I am not downplaying what has occurred, but there is no scandal, no conspiracy and no malicious intentional disregard of the law. If there were, it would apparently involve multiple offices and agencies.  It was an oversight that should have been noticed and corrected long before now and by multiple people including myself.

Over the past few months I have been diligently working with various state offices to correct errors that were either directly or indirectly my responsibility, but are no more than unintentional mistakes.  I have walked through the process, worked cooperatively, and taken responsibility, but the facts have not been accurately presented to the public. For the errors I made, I apologize to the people of Arkansas and I will now share the actual facts.

First, what has not been stated is that in 2010, I loaned my campaign over $170,000 and had every legal right to raise money and retire that debt.  This is exactly what I did. Unfortunately, I erred in how I reported those payments and fundraising activities, which has been incorrectly interpreted as my using campaign funds for personal use.  When this was brought to my attention, I immediately became pro-active to be transparent and correct those mistakes by requesting that the ethics commission review my previous filings for potential errors, which included filing an ethics complaint on myself.  I want you to know that at the end of the day, the only money that ever came back to me, in whatever form, was a repayment of campaign debt that was legally owed to me.

Second, over the past three years I collected almost $10,000 in travel reimbursements that were incorrect. These were reimbursements for official travel.  The error was using my home as the point of origin instead of the Capitol building.  As Lieutenant Governor I am constitutionally given the same privilege that the Governor has in regards to travel and security.  This means that I could have spent tens of thousands of dollars of the taxpayer’s money over the past three years by using the Arkansas State Police to provide transportation and security.  I could have also purchased, like my predecessor, a state vehicle which would cost the taxpayers thousands of dollars.  Instead, I decided to use my personal vehicle and was reimbursed mileage an average of $3,000 per year over the past three years.  This saved the taxpayers of Arkansas countless tax dollars. The Lieutenant Governor’s office is different in the fact that we submit our payment requests to the State Auditor’s office for payment.  The State Auditor’s office would pay the bill or contact us when something appeared to be inaccurate.  No one in my office was ever contacted to make us aware of the policy regarding the Capitol building being the point of origin instead of my home. Furthermore, in a previous annual audit, no findings were issued and the travel reimbursement was not brought to our attention by Legislative Audit.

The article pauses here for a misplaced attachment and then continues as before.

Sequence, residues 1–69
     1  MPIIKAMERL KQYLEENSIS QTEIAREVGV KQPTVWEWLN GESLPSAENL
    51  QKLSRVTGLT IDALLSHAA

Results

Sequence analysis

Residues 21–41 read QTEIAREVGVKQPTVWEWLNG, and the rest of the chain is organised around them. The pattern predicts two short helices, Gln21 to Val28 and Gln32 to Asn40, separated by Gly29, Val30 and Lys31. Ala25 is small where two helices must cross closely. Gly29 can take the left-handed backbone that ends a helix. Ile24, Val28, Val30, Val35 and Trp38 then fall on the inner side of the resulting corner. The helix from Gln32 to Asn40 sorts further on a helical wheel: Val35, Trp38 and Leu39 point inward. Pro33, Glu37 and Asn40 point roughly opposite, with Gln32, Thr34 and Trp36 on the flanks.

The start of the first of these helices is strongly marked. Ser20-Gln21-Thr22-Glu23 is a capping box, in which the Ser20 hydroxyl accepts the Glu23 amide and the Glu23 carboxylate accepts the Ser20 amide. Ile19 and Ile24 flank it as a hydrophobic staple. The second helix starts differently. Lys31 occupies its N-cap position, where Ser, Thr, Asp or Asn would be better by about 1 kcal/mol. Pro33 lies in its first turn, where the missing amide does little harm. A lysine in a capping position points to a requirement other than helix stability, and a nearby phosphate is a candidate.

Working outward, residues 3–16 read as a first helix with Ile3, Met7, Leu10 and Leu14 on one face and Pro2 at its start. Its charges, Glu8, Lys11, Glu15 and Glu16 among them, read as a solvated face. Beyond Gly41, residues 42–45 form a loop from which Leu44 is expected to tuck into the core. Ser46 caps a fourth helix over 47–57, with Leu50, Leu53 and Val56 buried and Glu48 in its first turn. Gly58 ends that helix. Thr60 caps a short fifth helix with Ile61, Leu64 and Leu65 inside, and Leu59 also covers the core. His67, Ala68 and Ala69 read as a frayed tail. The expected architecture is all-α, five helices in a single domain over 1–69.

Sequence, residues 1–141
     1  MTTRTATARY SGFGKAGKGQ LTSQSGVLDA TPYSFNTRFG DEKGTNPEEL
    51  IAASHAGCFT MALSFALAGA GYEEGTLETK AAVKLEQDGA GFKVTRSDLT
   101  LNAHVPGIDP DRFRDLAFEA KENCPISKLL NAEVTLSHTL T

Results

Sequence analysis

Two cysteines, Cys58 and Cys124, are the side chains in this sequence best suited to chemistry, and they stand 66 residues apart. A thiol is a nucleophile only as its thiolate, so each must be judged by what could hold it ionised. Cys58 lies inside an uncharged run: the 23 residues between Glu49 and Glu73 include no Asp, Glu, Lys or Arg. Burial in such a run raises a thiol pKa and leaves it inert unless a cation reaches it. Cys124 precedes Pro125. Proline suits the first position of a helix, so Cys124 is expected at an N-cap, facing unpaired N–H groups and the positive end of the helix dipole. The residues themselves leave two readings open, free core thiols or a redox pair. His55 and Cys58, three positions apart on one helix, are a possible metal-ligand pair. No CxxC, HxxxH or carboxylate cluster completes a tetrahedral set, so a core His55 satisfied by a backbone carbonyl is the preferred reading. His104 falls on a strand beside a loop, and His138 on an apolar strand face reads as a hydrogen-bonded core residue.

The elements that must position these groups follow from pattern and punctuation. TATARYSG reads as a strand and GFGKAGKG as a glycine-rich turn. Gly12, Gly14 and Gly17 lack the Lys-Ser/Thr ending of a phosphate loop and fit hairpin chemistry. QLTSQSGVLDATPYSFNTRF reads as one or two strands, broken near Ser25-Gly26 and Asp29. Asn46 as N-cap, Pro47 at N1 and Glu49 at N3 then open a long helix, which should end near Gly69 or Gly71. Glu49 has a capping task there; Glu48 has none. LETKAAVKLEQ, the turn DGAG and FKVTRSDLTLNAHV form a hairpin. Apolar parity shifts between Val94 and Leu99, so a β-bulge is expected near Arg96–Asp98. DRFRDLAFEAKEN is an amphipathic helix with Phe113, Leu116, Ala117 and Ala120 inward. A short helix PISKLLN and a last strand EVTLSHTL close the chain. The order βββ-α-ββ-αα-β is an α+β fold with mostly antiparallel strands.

Third, that I misused state funds by using the state credit card for personal expense.  These were purchases that were either for official state use or used by mistake while traveling.  As soon as the errors were realized, I reimbursed the state for those charges.  For some unknown reason, it appears that the State Auditor’s office failed to deposit one of the checks, for which I have proof of payment.  I will gladly resubmit this check.

These three facts are not worthy of my removal from office and certainly not worthy of personal attacks on my character and on my family. The cost of a special election would be in excess of one million dollars. This cost coupled with the facts that I have outlined concerning my actions, convince me that I should stay in office. I believe that this course would be best for the state.

Today I put a stake in the ground. Not for this office, not for the title or the job, but I put a stake in the ground for those Arkansans who are sick and tired of these types of political games and the people who play them. It would be an immediate fix to tuck tail and run but I would regret it for years to come.  I am a normal citizen, who ran for office, who is trying to do my job to the best of my ability with integrity and character. I am doing what is necessary to make things right and I have a peace in sharing the truth with you today. This has been an embarrassing time for my family and me and when history is recorded I want my children to know that I have owned up to mistakes and made them right. Thank you Kim and so many others for encouraging me to share the truth.

Mark A. Darr